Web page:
npregbw  R Documentation 
npregbw
computes a bandwidth object for a
p
variate kernel regression estimator defined over mixed
continuous and discrete (unordered, ordered) data using expected
KullbackLeibler crossvalidation, or leastsquares cross validation
using the method of Racine and Li (2004) and Li and Racine (2004).
npregbw(...)
## S3 method for class 'formula'
npregbw(formula, data, subset, na.action, call, ...)
## S3 method for class 'NULL'
npregbw(xdat = stop("invoked without data 'xdat'"),
ydat = stop("invoked without data 'ydat'"),
bws,
...)
## Default S3 method:
npregbw(xdat = stop("invoked without data 'xdat'"),
ydat = stop("invoked without data 'ydat'"),
bws,
bandwidth.compute = TRUE,
nmulti,
remin,
itmax,
ftol,
tol,
small,
lbc.dir,
dfc.dir,
cfac.dir,
initc.dir,
lbd.dir,
hbd.dir,
dfac.dir,
initd.dir,
lbc.init,
hbc.init,
cfac.init,
lbd.init,
hbd.init,
dfac.init,
scale.init.categorical.sample,
regtype,
bwmethod,
bwscaling,
bwtype,
ckertype,
ckerorder,
ukertype,
okertype,
...)
## S3 method for class 'rbandwidth'
npregbw(xdat = stop("invoked without data 'xdat'"),
ydat = stop("invoked without data 'ydat'"),
bws,
bandwidth.compute = TRUE,
nmulti,
remin = TRUE,
itmax = 10000,
ftol = 1.490116e07,
tol = 1.490116e04,
small = 1.490116e05,
lbc.dir = 0.5,
dfc.dir = 3,
cfac.dir = 2.5*(3.0sqrt(5)),
initc.dir = 1.0,
lbd.dir = 0.1,
hbd.dir = 1,
dfac.dir = 0.25*(3.0sqrt(5)),
initd.dir = 1.0,
lbc.init = 0.1,
hbc.init = 2.0,
cfac.init = 0.5,
lbd.init = 0.1,
hbd.init = 0.9,
dfac.init = 0.375,
scale.init.categorical.sample = FALSE,
...)
formula 
a symbolic description of variables on which bandwidth selection is to be performed. The details of constructing a formula are described below. 
data 
an optional data frame, list or environment (or object
coercible to a data frame by 
subset 
an optional vector specifying a subset of observations to be used in the fitting process. 
na.action 
a function which indicates what should happen when the data contain

call 
the original function call. This is passed internally by

xdat 
a 
ydat 
a one (1) dimensional numeric or integer vector of dependent data, each
element 
bws 
a bandwidth specification. This can be set as a 
... 
additional arguments supplied to specify the bandwidth type, kernel types, selection methods, and so on, detailed below. 
regtype 
a character string specifying which type of kernel regression
estimator to use. 
bwmethod 
which method to use to select bandwidths. 
bwscaling 
a logical value that when set to 
bwtype 
character string used for the continuous variable bandwidth type,
specifying the type of bandwidth to compute and return in the

bandwidth.compute 
a logical value which specifies whether to do a numerical search for
bandwidths or not. If set to 
ckertype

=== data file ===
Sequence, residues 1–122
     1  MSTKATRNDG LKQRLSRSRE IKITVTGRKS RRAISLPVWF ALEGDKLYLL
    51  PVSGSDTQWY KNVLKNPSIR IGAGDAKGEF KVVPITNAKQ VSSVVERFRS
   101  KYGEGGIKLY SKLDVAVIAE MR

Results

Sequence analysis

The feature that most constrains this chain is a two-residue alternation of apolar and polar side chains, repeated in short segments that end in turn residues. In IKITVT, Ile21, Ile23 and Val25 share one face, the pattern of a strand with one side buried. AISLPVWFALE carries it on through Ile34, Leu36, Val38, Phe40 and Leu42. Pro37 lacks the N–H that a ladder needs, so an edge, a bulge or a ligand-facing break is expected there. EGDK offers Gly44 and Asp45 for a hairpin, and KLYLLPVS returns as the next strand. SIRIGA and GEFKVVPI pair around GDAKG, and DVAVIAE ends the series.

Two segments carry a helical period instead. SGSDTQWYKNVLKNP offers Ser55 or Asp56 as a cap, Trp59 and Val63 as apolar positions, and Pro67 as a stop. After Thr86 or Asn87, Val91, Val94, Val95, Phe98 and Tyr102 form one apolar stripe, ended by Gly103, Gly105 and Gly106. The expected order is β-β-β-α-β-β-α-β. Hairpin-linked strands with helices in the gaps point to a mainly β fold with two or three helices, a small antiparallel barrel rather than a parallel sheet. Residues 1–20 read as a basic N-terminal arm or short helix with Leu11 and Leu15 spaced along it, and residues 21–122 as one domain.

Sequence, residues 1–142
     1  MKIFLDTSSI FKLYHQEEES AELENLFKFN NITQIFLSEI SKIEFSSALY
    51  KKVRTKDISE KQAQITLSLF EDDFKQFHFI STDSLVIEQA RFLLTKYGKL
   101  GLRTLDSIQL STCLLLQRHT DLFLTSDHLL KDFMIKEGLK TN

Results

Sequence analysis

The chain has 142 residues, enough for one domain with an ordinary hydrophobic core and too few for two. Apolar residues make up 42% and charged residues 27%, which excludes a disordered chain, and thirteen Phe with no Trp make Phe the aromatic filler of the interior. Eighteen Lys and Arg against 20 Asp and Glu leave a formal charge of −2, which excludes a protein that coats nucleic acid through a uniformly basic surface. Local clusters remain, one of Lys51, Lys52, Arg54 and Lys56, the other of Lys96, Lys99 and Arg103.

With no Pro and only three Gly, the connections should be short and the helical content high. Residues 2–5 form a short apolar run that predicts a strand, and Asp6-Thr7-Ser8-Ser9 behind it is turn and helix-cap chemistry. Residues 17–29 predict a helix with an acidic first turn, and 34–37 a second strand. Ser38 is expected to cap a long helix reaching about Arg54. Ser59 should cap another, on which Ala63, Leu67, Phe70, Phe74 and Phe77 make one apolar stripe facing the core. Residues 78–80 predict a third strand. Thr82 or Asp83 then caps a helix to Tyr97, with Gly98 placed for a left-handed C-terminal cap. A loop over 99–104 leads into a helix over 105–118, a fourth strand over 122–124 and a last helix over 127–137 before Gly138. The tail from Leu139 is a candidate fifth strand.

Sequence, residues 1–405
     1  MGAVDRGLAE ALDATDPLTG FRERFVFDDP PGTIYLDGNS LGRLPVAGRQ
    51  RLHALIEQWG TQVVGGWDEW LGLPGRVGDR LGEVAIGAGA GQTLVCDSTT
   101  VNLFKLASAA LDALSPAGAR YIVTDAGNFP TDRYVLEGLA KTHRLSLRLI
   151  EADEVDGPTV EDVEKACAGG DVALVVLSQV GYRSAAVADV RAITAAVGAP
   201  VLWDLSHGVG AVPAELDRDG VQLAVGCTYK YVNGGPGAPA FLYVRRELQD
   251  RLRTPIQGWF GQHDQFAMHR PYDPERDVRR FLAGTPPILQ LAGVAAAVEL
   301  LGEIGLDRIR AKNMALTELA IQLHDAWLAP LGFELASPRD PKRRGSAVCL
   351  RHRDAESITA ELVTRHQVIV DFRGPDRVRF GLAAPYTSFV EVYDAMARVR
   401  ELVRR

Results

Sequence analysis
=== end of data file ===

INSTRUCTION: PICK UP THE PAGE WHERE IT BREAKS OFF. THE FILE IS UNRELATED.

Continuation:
character string used to specify the continuous kernel type.
Can be set as 
ckerorder 
numeric value specifying kernel order (one of

ukertype 
character string used to specify the unordered categorical kernel type.
Can be set as 
okertype 
character string used to specify the ordered categorical kernel type.
Can be set as 
nmulti 
integer number of times to restart the process of finding extrema of
the crossvalidation function from different (random) initial
points. Defaults to 
remin 
a logical value which when set as 
itmax 
integer number of iterations before failure in the numerical
optimization routine. Defaults to 
ftol 
fractional tolerance on the value of the crossvalidation function
evaluated at located minima (of order the machine precision or
perhaps slightly larger so as not to be diddled by
roundoff). Defaults to 
tol 
tolerance on the position of located minima of the crossvalidation
function (tol should generally be no smaller than the square root of
your machine's floating point precision). Defaults to 
small 
a small number used to bracket a minimum (it is hopeless to ask for
a bracketing interval of width less than sqrt(epsilon) times its
central value, a fractional width of only about 1004 (single
precision) or 3x108 (double precision)). Defaults to 
lbc.dir,dfc.dir,cfac.dir,initc.dir 
lower bound, chisquare
degrees of freedom, stretch factor, and initial nonrandom values
for direction set search for Powell's algorithm for 
lbd.dir,hbd.dir,dfac.dir,initd.dir 
lower bound, upper bound, stretch factor, and initial nonrandom values for direction set search for Powell's algorithm for categorical variables. See Details 
lbc.init, hbc.init, cfac.init 
lower bound, upper bound, and
nonrandom initial values for scale factors for 
lbd.init, hbd.init, dfac.init 
lower bound, upper bound, and nonrandom initial values for scale factors for categorical variables for Powell's algorithm. See Details 
scale.init.categorical.sample 
a logical value that when set
to 
npregbw
implements a variety of methods for choosing
bandwidths for multivariate (p